- Moller, I.M. Plant mitochondria and oxidative stress: Electron transport, NADPH turnover, and metabolism of reactive oxygen species. Annu. Rev. Plant Physiol. Plant. Mol. Biol 2001, 52, 561–591.
- Rhoads, D.M.; Umbach, A.L.; Subbaiah, C.C.; Siedow, J.N. Mitochondrial reactive oxygen species. Contribution to oxidative stress and interorganellar signaling. Plant Physiol 2006, 141, 357–366.
- Blokhina, O.; Fagerstedt, K.V. Reactive oxygen species and nitric oxide in plant mitochondria: Origin and redundant regulatory systems. Physiol. Plant 2010, 138, 447–462.
- Prasad, T.K.; Anderson, M.D.; Stewart, C.R. Acclimation, hydrogen-peroxide, and abscisic-acid protect mitochondria against irreversible chilling injury in maize seedlings. Plant Physiol 1994, 105, 619–627.
- Prasad, T.K.; Anderson, M.D.; Martin, B.A.; Stewart, C.R. Evidence for chilling-induced oxidative stress in maize seedlings and a regulatory role for hydrogen-peroxide. Plant Cell 1994, 6, 65–74.
- Purvis, A.C.; Shewfelt, R.L.; Gegogeine, J.W. Superoxide production by mitochondria isolated from green bell pepper fruit. Physiol. Plant 1995, 94, 743–749.
- Hernandez, J.A.; Corpas, F.J.; Gomez, M.; Delrio, L.A.; Sevilla, F. Salt-induced oxidative stress mediated by activated oxygen species in pea leaf mitochondria. Physiol. Plant 1993, 89, 103–110.
- Mittova, V.; Tal, M.; Volokita, M.; Guy, M. Up-regulation of the leaf mitochondrial and peroxisomal antioxidative systems in response to salt-induced oxidative stress in the wild salt-tolerant tomato species Lycopersicon pennellii. Plant Cell Environ 2003, 26, 845–856.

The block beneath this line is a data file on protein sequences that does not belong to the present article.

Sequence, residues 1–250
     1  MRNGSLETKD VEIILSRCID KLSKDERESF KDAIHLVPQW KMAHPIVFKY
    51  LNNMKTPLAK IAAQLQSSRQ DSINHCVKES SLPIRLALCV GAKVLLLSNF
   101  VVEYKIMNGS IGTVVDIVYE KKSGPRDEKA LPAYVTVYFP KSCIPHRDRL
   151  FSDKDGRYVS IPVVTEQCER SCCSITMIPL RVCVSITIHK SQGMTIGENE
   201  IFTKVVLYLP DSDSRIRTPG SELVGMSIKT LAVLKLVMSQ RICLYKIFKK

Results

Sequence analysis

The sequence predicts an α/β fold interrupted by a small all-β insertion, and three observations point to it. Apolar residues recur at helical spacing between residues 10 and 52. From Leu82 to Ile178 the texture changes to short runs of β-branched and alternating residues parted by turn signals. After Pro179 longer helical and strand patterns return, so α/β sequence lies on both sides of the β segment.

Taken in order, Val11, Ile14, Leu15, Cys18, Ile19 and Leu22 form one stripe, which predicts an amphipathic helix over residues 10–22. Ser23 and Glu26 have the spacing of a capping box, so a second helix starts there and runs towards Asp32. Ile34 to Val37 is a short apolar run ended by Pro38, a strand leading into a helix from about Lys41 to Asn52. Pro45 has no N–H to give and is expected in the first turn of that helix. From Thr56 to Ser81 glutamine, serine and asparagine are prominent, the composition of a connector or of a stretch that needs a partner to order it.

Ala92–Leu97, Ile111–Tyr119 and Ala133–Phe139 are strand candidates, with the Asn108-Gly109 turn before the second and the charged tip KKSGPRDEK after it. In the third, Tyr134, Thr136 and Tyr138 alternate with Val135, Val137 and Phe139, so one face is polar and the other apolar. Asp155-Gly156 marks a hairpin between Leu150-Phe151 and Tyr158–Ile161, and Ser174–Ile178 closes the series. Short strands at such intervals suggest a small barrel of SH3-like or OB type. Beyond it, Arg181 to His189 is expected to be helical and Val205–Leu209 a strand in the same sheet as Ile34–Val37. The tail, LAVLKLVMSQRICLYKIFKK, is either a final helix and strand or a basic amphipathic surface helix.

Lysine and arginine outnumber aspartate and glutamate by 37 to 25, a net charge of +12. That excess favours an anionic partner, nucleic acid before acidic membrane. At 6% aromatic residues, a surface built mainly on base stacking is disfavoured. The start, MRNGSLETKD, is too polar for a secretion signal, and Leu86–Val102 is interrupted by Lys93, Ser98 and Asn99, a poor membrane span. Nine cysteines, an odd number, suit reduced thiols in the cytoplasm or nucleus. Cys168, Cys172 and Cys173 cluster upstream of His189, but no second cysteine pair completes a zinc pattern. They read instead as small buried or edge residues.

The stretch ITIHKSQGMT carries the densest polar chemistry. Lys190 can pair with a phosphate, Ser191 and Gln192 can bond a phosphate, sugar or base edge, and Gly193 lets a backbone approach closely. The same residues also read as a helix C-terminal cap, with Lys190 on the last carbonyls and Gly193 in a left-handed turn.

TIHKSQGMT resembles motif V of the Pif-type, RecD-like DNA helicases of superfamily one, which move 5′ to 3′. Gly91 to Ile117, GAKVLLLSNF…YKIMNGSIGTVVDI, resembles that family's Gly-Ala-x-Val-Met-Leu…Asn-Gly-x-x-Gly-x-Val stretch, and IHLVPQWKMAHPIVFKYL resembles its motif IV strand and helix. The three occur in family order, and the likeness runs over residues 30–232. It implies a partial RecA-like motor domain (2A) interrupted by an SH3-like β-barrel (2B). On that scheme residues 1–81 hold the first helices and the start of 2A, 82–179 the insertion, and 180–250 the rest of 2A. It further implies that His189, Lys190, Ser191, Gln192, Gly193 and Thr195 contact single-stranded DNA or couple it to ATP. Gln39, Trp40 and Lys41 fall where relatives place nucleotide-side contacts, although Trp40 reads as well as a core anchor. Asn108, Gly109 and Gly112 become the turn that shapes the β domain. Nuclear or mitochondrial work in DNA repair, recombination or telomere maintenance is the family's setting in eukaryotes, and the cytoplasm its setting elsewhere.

- Schwarzlander, M.; Fricker, M.D.; Sweetlove, L.J. Monitoring the in vivo redox state of plant mitochondria: Effect of respiratory inhibitors, abiotic stress and assessment of recovery from oxidative challenge. Biochim. Biophys. Acta 2009, 1787, 468–475.
- Juszczuk, I.M.; Wagner, A.M.; Rychter, A.M. Regulation of alternative oxidase activity during phosphate deficiency in bean roots (Phaseolus vulgaris). Physiol Plant 2001, 113, 185–192.
- Parsons, H.L.; Yip, J.Y.; Vanlerberghe, G.C. Increased respiratory restriction during phosphate-limited growth in transgenic tobacco cells lacking alternative oxidase. Plant Physiol 1999, 121, 1309–1320.
- Malusa, E.; Laurenti, E.; Juszczuk, I.; Ferrari, R.P.; Rychter, A.M. Free radical production in roots of Phaseolus vulgaris subjected to phosphate deficiency stress. Plant Physiol. Biochem 2002, 40, 963–967.
- Kromer, S. Respiration during photosynthesis. Annu. Rev. Plant Physiol. Plant Mol. Biol 1995, 46, 45–70.
- Del Río, L.A.; Sandalio, L.M.; Corpas, F.J.; Palma, J.M.; Barroso, J.B. Reactive oxygen species and reactive nitrogen species in peroxisomes: Production, scavenging, and role in cell signaling. Plant Physiol 2006, 141, 330–335.
- Sandalio, L.M.; Fernandez, V.M.; Ruperez, F.L.; del Río, L.A. Superoxide free radicals are produced in glyoxysomes. Plant Physiol 1988, 87, 1–4.
- López-Huertas, E.; Corpas, F.J.; Sandalio, L.M.; del Río, L.A. Characterization of membranepolypeptides from pea leaf peroxisomes involved in superoxide radical generation. Biochem. J 1999, 337, 531–536.
- Del Río, L.A.; Corpas, F.J.; Sandalio, L.M.; Palma, J.M.; Gómez, M.; Barroso, J.B. Reactive oxygen species, antioxidant systems and nitric oxide in peroxisomes. J. Exp. Bot. 2002, 53, 1255–1272.
- Nila, A.G.; Sandalio, L.M.; López, M.G.; Gómez, M.; del Río, L.A.; Gómez-Lim, M.A. Expression of a peroxisome proliferator-activated receptor gene (xPPARa) from Xenopus laevis in tobacco (Nicotiana tabacum) plants. Planta 2006, 224, 569–581.